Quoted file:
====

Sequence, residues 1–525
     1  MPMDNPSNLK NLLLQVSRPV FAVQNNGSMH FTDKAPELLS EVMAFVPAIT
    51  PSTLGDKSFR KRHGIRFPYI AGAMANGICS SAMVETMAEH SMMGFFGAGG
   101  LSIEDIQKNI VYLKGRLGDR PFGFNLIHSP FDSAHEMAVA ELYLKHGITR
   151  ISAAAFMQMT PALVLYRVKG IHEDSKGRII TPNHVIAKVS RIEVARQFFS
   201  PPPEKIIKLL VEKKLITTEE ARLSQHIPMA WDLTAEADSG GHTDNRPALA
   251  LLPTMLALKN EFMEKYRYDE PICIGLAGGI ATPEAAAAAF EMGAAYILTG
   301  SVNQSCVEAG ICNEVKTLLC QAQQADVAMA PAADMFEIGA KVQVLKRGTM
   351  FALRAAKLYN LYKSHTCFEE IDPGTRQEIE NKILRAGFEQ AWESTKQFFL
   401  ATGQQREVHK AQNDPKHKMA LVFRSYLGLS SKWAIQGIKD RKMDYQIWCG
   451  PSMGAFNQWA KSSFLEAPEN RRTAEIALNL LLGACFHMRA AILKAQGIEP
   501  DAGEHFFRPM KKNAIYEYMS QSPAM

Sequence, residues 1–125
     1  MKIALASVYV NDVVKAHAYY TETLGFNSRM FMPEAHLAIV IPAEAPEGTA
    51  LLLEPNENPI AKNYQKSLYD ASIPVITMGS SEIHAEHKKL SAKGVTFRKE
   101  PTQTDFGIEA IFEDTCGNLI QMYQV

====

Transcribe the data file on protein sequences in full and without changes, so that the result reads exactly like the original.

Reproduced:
Sequence, residues 1–525
     1  MPMDNPSNLK NLLLQVSRPV FAVQNNGSMH FTDKAPELLS EVMAFVPAIT
    51  PSTLGDKSFR KRHGIRFPYI AGAMANGICS SAMVETMAEH SMMGFFGAGG
   101  LSIEDIQKNI VYLKGRLGDR PFGFNLIHSP FDSAHEMAVA ELYLKHGITR
   151  ISAAAFMQMT PALVLYRVKG IHEDSKGRII TPNHVIAKVS RIEVARQFFS
   201  PPPEKIIKLL VEKKLITTEE ARLSQHIPMA WDLTAEADSG GHTDNRPALA
   251  LLPTMLALKN EFMEKYRYDE PICIGLAGGI ATPEAAAAAF EMGAAYILTG
   301  SVNQSCVEAG ICNEVKTLLC QAQQADVAMA PAADMFEIGA KVQVLKRGTM
   351  FALRAAKLYN LYKSHTCFEE IDPGTRQEIE NKILRAGFEQ AWESTKQFFL
   401  ATGQQREVHK AQNDPKHKMA LVFRSYLGLS SKWAIQGIKD RKMDYQIWCG
   451  PSMGAFNQWA KSSFLEAPEN RRTAEIALNL LLGACFHMRA AILKAQGIEP
   501  DAGEHFFRPM KKNAIYEYMS QSPAM

Sequence, residues 1–125
     1  MKIALASVYV NDVVKAHAYY TETLGFNSRM FMPEAHLAIV IPAEAPEGTA
    51  LLLEPNENPI AKNYQKSLYD ASIPVITMGS SEIHAEHKKL SAKGVTFRKE
   101  PTQTDFGIEA IFEDTCGNLI QMYQV